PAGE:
Moving across the Pacific to Hawaii finds Hinaleimoana Wong-Kalu, the co-creator, with Dean Hamer and Joe Wilson, of the glorious picture book Kapaemahu (2022). The mythic legend of the Kapaemahu regales four Tahitian healers who arrived in Waikiki centuries ago. Neither male nor female, “they were mahu—a mixture of both in mind, heart, and spirit,” the book reveals. The people built a monument in gratitude, but the “four great boulders” eventually disappeared in the wake of U.S. colonialism and destructive tourism. The stones were finally recovered, but without their history: “The fact that the healers were mahu has been erased.” Kapaemahu reclaims the monument’s true origins by honoring the mahu. - School Library Journal

“The award-winning production team of Hinaleimoana Wong-Kalu, Dean Hamer and Joe Wilson now sets their script onto the page, resulting in a spectacular picture book featuring stills from animation director Daniel Sousa's moving images… Sousa's full-page bleeds and saturated palette of predominantly deep earth colors display potent images that can't--won't--be contained. Light heightens Sousa's superb imagery: glowing golds underscore gentle strength; soft, wispy white captures healing energy; fiery reds display the mahus' tenacious fortitude. Power continues to flow through transparent prose and magnificent visuals, gifting audiences with ancient insights celebrating acceptance and inspiring strength… A lauded animated short film about powerful ancient third-gender healers in Hawaii gets transformed into a glorious picture book reclamation.” - by Terry Hong in the Smithsonian Asian Pacific American Centerʻs Book Dragon

“A rich retelling of an ancient Indigenous Hawaiian legend." Filled with cultural details and beautifully illustrated in vibrant tropical colors, the book pays homage to Indigenous Hawaiian healing traditions and affirms two-spirit people. The fascinating backmatter provides background information about the original Hawaiian legend and Niihau dialect.  A poignant monument to the power of hidden Indigenous histories.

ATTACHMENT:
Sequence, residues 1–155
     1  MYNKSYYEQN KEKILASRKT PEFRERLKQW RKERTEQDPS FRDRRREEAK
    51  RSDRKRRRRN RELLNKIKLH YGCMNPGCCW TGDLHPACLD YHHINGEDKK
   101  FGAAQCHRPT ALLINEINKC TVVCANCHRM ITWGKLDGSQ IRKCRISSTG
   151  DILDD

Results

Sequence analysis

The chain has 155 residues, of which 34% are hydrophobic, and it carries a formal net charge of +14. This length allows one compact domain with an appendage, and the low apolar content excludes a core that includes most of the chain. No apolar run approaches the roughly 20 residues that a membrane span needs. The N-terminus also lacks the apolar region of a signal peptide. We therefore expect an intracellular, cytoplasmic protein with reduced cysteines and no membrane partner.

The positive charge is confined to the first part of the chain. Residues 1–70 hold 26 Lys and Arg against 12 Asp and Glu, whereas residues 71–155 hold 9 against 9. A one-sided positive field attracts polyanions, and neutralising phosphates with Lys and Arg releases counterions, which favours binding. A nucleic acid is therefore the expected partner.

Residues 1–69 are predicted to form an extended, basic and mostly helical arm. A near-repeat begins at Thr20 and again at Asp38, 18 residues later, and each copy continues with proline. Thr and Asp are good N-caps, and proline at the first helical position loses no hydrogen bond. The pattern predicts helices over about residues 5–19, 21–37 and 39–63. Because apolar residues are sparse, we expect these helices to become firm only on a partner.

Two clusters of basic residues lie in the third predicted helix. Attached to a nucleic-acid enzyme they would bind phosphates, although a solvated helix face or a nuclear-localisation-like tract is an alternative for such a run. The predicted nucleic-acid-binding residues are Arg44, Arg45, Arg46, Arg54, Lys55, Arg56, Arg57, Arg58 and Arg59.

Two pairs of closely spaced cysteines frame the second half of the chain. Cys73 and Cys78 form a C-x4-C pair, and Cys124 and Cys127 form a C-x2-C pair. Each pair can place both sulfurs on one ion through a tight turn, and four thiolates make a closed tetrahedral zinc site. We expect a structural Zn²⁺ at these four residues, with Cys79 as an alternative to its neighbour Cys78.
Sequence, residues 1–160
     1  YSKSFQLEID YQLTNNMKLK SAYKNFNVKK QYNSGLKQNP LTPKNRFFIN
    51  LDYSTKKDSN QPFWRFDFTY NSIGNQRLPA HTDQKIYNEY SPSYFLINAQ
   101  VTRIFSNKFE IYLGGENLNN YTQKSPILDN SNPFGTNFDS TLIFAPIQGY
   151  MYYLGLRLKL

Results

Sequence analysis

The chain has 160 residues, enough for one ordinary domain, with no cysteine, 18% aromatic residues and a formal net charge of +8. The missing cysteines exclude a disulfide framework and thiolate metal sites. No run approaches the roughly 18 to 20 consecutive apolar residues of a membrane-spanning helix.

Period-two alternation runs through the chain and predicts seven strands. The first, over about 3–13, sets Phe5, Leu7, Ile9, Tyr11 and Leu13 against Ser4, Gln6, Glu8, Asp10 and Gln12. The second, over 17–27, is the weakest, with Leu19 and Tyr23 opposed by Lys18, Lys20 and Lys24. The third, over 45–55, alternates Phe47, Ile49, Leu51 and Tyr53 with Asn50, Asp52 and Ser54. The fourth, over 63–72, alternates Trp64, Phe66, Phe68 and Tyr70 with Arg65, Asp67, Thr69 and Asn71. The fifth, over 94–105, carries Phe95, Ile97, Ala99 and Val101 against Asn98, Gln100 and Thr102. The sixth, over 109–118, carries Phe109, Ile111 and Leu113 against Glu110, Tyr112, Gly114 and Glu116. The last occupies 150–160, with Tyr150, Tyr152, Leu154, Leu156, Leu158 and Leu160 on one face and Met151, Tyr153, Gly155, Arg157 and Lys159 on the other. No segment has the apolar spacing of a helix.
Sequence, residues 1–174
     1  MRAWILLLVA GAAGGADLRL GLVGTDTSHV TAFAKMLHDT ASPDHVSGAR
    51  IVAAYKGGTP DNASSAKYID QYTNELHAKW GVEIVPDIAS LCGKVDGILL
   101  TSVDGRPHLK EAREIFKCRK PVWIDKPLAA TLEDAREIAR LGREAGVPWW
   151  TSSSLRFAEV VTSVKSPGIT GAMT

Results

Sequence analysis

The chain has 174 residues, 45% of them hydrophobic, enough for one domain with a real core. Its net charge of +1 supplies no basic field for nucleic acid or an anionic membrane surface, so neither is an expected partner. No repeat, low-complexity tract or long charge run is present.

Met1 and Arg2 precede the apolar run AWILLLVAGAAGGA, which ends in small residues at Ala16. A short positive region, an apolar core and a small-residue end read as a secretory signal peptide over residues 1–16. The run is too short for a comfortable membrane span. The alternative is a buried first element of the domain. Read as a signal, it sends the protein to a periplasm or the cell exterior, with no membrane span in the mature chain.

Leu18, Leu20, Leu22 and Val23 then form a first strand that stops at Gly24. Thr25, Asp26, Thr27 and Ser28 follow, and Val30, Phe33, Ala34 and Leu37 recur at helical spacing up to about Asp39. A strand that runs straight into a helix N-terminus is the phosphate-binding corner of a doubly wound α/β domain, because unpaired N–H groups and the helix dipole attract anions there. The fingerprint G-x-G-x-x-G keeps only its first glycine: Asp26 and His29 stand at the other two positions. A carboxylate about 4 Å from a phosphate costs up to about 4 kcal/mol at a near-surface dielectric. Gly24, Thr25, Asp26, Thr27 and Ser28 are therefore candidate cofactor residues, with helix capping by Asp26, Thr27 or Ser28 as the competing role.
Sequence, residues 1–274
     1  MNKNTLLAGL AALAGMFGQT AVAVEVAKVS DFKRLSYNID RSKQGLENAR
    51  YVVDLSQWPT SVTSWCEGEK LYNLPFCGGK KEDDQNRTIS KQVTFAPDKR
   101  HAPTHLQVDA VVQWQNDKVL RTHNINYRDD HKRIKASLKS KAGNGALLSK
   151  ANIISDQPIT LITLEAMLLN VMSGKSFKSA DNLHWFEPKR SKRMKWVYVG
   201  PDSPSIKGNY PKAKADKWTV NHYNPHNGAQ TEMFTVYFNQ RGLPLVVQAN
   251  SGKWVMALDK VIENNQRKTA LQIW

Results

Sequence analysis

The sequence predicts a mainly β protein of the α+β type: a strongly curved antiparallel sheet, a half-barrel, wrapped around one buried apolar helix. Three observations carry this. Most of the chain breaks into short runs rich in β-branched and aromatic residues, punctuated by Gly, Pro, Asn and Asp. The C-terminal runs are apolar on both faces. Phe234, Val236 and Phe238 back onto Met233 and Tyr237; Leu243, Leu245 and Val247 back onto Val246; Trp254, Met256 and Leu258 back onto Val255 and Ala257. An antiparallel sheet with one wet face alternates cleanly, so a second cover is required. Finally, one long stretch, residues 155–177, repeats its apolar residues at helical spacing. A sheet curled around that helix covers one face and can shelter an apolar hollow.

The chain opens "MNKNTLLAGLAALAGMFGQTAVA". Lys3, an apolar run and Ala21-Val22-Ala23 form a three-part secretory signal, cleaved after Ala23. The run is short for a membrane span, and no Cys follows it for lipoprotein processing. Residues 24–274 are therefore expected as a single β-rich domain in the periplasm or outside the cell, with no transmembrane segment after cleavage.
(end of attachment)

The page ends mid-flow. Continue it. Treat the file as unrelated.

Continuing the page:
Kumu Hinaleimoana Wong-Kalu was not born on Niʻihau but says she was “guided, groomed and raised” by the Niʻihau community. Wong-Kalu recently narrated the animated film, Kapaemahu, using ʻŌlelo Kanaka Niʻihau to allow listeners to hear the beauty of the language; it was the first time it was used as the medium for a film.

Bernice Pauahi Bishop Museum announces a new, original exhibition that will explore the hidden history and contemporary meaning of what may be the world’s only public monument celebrating gender fluidity – The Healer Stones of Kapaemahu.

To recover the past, then, can be an act of resistance. In the animated short film “Kapaemahu” (2020), directed by Hinaleimoana Wong-Kalu, Dean Hamer and Joe Wilson, an ancient mo‘olelo (“oral story”) is given new life, recounting the voyage of four healers from Tahiti to the Hawaiian Islands many centuries ago. The healers were māhū, “not male nor female ... a mixture of both in mind, heart and spirit,” as the film puts it. They brought knowledge of how to ease pain and cure illness and were welcomed and beloved. When the time came for them to depart, the grateful community hauled four boulders to the beach at Waikiki, in what is now Honolulu; the māhū infused the stones with their spirits, then vanished.

Long ago, four extraordinary individuals of dual male and female spirit, known as māhū, brought their wisdom from Tahiti to Oahu, saving many lives with their healing abilities. Their indigenous leader Kapaemahu recounts the story that many have forgotten. In June, visitors to Bishop Museum will be reminded of that tale in a new exhibition called The Healer Stones of Kapaemahu, which will explore the history of the loss and rediscovery of four mysterious stones on Waikiki Beach. The exhibition is based on the Oscar-contending animated film.

A series of projects will soon arrive based on the celebrated, award-winning 2D short about the long-suppressed, centuries-old story of Waikiki’s mysterious four-boulder monument to the gentle people, both male and female in mind and body, who brought science and healing to the island.

Kapaemahu LGBT Animation Short Now A Book and a Doc

After premiering at Tribeca and being shortlisted for a 2021 Academy award, the animation short Kapaemahu will have its book and documentary premiere, as well as a museum exhibition.

Hawaiian animated short, Kapaemahu, created quite a stir at the 93rd Academy Awards this year, as it became the first ever Native Hawaiian film to clear the first round of voting and become an official Oscars shortlist of 10 films in the ‘Animated Short Film’ category. This amazing work is now evolving into other formats including a children’s picture book, immersive multimedia exhibition, and documentary film, all exploring the rich history brought to life by the animation.

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